Very Large Array Discovers A Bright New Object Near A Supermassive Black Hole In The Center Of Cygnus A Galaxy
The Very Large Array (VLA) captures a bright new object closer to a supermassive black hole in the core of Cygnus A galaxy. The scientists theorized that it could either be a supernova explosion or an outburst from a second supermassive black hole.
The findings of the discovery were printed in the Astrophysical Journal. The study was led by Rick Perley from the National Radio Astronomy (NRAO) and his son, Daniel Perley, of the Astrophysics Research Institute of Liverpool John Moores University in the U.K. It was also authored by NRAO researchers Chris Carilli and Vivek Dhawan, according to Astronomy.
Rick Perley said that they found a prominent new feature near the galaxy's nucleus that did not appear in any past published images. He further said that this new object is bright enough that they would have seen it in the earlier images if nothing had changed. This means it must have turned on between 1996 and now.
So, what is this bright new object in this famous galaxy? Dhawan said that they consider it to be a supernova because of its extraordinary brightness. It could also be an outburst from a second supermassive black hole near the center of the galaxy Cygnus A.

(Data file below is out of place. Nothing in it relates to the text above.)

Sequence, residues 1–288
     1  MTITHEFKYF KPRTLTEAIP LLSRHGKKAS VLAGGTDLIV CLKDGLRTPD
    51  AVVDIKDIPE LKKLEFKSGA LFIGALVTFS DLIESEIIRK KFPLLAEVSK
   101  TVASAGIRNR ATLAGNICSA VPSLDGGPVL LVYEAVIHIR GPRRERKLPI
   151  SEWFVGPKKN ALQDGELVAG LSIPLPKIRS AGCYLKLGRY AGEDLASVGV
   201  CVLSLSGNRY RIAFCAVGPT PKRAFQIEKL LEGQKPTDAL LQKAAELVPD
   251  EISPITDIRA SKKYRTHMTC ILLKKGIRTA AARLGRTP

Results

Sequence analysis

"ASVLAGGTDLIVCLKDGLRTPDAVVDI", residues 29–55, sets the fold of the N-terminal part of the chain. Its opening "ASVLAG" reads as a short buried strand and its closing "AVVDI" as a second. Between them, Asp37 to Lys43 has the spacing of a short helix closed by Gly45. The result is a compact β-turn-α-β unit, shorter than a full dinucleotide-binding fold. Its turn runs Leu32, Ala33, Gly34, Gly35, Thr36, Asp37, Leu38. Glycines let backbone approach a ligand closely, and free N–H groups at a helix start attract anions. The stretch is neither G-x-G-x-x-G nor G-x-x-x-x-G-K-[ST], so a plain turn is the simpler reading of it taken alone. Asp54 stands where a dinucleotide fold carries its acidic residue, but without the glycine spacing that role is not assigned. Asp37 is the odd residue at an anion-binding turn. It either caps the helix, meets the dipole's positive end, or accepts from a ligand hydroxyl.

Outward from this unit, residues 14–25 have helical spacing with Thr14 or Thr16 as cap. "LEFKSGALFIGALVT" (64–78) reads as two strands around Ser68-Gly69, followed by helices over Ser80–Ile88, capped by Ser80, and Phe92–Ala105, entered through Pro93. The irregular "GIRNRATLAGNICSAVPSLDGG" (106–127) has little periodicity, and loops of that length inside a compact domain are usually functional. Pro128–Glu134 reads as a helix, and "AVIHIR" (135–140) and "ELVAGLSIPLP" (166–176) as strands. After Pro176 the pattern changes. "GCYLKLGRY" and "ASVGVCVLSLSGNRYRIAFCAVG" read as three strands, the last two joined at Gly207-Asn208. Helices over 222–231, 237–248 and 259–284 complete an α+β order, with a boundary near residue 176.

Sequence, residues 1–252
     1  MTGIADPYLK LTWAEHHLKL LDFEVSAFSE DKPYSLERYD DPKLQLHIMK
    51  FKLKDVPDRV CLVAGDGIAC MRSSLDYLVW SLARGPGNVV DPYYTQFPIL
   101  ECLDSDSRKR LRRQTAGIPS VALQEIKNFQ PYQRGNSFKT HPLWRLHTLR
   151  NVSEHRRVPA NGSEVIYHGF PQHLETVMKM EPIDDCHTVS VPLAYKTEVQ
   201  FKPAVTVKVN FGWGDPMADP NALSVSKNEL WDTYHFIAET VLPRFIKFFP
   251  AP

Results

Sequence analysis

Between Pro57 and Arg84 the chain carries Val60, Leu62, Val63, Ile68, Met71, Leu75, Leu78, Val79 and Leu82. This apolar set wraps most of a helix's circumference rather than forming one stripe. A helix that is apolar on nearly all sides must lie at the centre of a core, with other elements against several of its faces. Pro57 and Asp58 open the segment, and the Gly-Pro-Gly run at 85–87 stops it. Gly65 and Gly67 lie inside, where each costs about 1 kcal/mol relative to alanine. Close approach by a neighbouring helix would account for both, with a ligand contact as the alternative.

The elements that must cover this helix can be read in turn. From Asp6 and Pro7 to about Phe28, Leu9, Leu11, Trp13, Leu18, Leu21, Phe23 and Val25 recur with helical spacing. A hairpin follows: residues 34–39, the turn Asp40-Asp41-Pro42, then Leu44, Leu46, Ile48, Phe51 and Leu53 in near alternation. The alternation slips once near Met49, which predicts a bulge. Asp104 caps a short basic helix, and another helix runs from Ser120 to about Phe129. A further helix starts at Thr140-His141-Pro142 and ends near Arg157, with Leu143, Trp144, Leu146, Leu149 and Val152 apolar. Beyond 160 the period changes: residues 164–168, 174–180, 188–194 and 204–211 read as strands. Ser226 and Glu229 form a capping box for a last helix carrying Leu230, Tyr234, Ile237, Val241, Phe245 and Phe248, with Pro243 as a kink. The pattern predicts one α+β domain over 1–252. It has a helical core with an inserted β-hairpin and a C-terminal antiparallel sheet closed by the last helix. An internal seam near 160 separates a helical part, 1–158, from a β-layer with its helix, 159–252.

Carilli said that they think they have discovered a second supermassive black hole in the galaxy. This indicates that it has merged with another galaxy in the astronomically recent past. He further said that these two could be one of the closest pairs of the supermassive black holes ever discovered that could merge someday.
The study also indicated that the second black hole has appeared to the VLA in recent years because it has encountered a new source of material to slurp. This material could be gas disrupted by the merger of the galaxies or a star that passed near the secondary black hole to be devoured by its strong gravity.
Daniel Perley said that this finding needs further observations to resolve some questions. This could also lead to understanding the history of Cygnus A galaxy, according to Phys.org.